1. The property was never listed for sale, so all of those out-of-state transplants buying big lovely houses three blocks away have not had a chance to bid on this. The Archdiocese is leaving money on the table.
  2. The demolition and disposal cost on this is going to be high. Tile roofs are lovely, but heavy. Brick is also lovely, and you can’t push it over for $20k. Not a cheap demolition by any stretch. If the Archdiocese pays this bill for the under-the-market buyer, they are again….leaving money on the table.

So, what is the alternative? We don’t know.

Tobin Hill neighbors are asking for a Review of Significance, which you can support by contacting the Office of Historic Preservation, City of San Antonio. Again, State law allows the Archdiocese to prevail over landmarks laws, but let’s at least shine a light on it.


Visit the Conservation Society page on the Hughes House TODAY!

See the Conservation Society page on 503 Urban Loop now!

JUNE 2022 UPDATE: The HUGHES HOUSE IS SAVED! The Archdiocese found a willing buyer who is interested in repurposing the house! Apparently the sale closed today!

5 Responses to :
Alternativeless demolition

  1. Martin Tangora says:

    Sorry — Is that demo on Evergreen in SA or in Chicago? Not clear from the context

    1. Vince Michael says:

      San Antonio

    2. JohnJ says:

      This is the 1911 Hughes house at 312 W Courtland Street in San Antonio.

  2. RE: Demolition of house at 312 Courtland Pl.

    I would like to offer this letter of support for the preservation of the Hughes / Thomson house at 312 Courtland Pl. in San Antonio, Texas.
    I am advocating for this structure to be preserved.
    I come from a family that settled here in the 1730’s and we have a long line of civic minded citizens involved in the creation, evolution, and adornment of Texas and San Antonio.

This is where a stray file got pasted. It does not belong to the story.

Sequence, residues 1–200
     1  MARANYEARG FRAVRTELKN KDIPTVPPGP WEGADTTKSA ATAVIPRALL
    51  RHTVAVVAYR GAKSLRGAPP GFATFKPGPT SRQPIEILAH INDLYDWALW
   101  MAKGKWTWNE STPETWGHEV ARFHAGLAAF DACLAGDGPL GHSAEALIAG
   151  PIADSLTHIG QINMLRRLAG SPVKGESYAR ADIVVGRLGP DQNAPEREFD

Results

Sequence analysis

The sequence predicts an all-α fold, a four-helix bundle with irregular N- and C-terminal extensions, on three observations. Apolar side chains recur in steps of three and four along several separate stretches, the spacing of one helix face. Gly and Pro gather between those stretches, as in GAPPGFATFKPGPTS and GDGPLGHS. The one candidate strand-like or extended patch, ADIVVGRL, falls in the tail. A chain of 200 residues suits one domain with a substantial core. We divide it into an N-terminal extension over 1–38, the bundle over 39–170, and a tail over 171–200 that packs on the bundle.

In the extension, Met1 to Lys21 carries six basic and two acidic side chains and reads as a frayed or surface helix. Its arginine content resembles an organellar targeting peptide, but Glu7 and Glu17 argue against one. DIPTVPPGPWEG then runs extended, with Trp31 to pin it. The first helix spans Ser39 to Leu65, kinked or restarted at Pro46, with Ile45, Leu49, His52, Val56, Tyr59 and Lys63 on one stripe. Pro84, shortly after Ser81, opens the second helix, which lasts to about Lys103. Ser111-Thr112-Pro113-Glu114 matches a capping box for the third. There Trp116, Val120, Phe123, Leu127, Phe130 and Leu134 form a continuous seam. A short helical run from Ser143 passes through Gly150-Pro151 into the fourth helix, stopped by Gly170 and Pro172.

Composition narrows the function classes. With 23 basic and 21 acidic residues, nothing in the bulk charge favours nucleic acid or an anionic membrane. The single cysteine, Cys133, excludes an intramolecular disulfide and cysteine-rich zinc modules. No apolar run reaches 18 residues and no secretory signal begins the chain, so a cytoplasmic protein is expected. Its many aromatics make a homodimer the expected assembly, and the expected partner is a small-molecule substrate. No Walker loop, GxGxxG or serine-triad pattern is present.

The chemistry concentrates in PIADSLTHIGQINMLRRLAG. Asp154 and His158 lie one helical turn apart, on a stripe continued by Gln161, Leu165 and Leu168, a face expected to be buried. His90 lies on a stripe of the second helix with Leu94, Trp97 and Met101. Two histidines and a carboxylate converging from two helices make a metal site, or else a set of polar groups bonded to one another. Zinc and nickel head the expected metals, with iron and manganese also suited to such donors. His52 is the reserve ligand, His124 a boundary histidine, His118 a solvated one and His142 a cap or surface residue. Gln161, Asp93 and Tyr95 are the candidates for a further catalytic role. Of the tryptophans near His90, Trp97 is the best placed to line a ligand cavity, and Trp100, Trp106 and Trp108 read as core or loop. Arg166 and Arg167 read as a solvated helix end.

As a student at San Antonio College in the early 1980’s, I often parked near this house and took many photos of it and the surrounding area for my photography class. This house, designed by a renown architect is across from an Alfred Giles designed home and down the street from a Atlee B. Ayres designed home; It belongs in this company.
    This structure is a wonderful example of a manor home inspired by the Prairie School with the basic design principals and vernacular materials adapted to our climate and culture. The broad overhanging eaves of the roof offer shade to the upper verandas and the open spaces on the ground floor are shaded by these verandas. Before air conditioning, these exterior spaces offered open air rooms as extensions of the adjacent interior rooms and also insulated those rooms from direct sunlight. The use of stucco with moorish design inspiration and the clay tile roof are also wonderful examples of quality materials used appropriately within the design elements prevalent in that era and perfect for our climate.
    This wonderfully designed structure is the appropriate size and scale for that area. We should preserve the significant structures in this historic inner city, and this Manor house is significant.

  3. Bob Bryant says:

    This unique building certainly deserves a fresh start with a re-purposing and a renovation instead of being torn down. I grew up in the 60’s and 70’s when many “old” buildings were demolished for a poorly conceived “urban renewal”. Now we wish we still had those classic buildings of character.